If inhaled, radon decay products that have attached to the surface of aerosols, dusts, and smoke particles, become deeply lodged or trapped in the lungs, where they can radiate and penetrate the cells of mucous membranes, bronchi, and other pulmonary tissues. The ionizing radiation energy affecting the bronchial epithelial cells is believed to initiate the process of carcinogenesis (cancer).
Although radon-related lung cancers are mainly seen in the upper airways, radon increases the incidence of all histological types of lung cancer, including small cell carcinoma, aden carcinoma, and squamous cell carcinoma. Lung cancer due to inhalation of radon decay products constitutes the only known risk associated with radon. In studies done, variables such as age, duration of exposure, time since initiation of exposure and especially the use of tobacco have been found to influence individual risk. In fact, the use of tobacco multiplies the risk of radon-induced lung cancer enormously.
The radon health risk is underscored by the fact that in 1988 Congress added Title III on Indoor Radon Abatement to the Toxic Substances Control Act. It codified and funded EPA’s then fledgling radon program. Also that year, the Office of the U.S. Surgeon General issued a warning about radon urging all Americans to test their homes and to reduce the radon level when necessary.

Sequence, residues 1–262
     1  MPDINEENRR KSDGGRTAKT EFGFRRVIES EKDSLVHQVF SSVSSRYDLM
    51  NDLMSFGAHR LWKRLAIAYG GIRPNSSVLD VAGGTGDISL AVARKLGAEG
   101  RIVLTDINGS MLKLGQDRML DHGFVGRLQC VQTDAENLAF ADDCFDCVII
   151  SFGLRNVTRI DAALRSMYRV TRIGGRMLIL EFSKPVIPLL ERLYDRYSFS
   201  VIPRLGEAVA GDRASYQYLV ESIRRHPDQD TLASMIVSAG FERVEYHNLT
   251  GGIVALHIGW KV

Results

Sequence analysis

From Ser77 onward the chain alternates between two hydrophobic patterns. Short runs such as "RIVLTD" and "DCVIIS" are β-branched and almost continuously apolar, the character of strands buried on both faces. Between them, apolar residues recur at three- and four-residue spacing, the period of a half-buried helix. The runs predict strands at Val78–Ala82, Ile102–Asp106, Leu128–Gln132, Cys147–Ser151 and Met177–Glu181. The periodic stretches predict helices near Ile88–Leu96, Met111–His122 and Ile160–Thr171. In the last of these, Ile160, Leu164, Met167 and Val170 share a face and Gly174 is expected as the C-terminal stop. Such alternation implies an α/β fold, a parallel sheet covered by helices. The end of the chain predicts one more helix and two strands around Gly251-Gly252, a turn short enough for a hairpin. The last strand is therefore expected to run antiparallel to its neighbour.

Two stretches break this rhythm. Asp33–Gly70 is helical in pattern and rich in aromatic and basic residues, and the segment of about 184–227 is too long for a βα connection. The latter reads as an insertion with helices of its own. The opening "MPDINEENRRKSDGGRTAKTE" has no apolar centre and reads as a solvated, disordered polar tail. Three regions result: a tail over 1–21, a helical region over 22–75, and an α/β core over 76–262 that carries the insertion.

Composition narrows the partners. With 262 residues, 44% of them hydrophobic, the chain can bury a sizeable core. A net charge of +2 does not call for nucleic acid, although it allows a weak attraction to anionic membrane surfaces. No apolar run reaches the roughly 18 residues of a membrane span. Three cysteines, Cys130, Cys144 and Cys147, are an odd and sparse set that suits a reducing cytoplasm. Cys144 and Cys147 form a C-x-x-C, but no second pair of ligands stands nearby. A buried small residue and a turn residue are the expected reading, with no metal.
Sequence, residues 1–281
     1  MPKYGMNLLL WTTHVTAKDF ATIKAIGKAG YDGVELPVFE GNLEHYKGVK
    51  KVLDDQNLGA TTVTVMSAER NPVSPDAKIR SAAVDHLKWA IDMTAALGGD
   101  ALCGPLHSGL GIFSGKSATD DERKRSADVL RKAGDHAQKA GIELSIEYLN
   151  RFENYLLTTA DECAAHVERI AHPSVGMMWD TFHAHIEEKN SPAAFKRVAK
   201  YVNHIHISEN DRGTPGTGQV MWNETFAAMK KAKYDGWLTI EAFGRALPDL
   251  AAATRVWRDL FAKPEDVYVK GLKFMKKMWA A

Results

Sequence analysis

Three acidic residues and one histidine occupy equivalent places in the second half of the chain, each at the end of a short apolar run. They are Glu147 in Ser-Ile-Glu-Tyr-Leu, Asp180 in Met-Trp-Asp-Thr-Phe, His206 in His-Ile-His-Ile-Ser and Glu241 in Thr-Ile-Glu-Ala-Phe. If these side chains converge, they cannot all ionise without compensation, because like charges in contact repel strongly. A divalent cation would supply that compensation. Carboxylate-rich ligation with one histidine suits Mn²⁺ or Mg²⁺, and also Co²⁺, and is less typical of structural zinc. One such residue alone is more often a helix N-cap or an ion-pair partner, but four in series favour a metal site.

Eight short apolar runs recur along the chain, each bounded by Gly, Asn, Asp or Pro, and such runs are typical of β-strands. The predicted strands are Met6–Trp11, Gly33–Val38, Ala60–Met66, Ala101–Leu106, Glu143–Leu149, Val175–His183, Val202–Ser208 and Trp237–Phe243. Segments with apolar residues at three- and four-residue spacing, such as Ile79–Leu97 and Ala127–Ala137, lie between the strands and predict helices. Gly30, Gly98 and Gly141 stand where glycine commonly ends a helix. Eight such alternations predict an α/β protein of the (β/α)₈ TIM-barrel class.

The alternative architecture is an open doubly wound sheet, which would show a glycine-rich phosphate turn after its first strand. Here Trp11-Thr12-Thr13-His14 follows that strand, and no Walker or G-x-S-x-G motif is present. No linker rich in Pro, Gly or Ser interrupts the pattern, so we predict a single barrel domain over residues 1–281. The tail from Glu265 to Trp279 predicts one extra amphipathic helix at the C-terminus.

Recognizing that radon is a significant public health risk, many scientific and professional organizations are able to say with certainty that thousands of preventable lung cancer deaths annually in the United States are attributable to indoor residential exposure to radon. These organizations include, but not limited to:
- American Cancer Society (http://www.cancer.org)
- American Medical Association (http://www.ama-assn.org)
- National Institute for Occupational Safety and Health (http://www.cdc.gov/NIOSH/)
- American Lung Association (http://www.lungusa.org/)
- National Cancer Institute (http://www.cancer.gov/)
- National Medical Association (http://www.nmanet.org/)
- Vanderbilt-Ingram Cancer Center (http://www.vicc.org/)
- Memorial Sloan-Kettering Cancer Center (http://www.mskcc.org)
These and other research organizations have collected enough data to prove with certainty that thousands of preventable lung cancer deaths annually in the United States alone are attributable to indoor residential exposure to radon.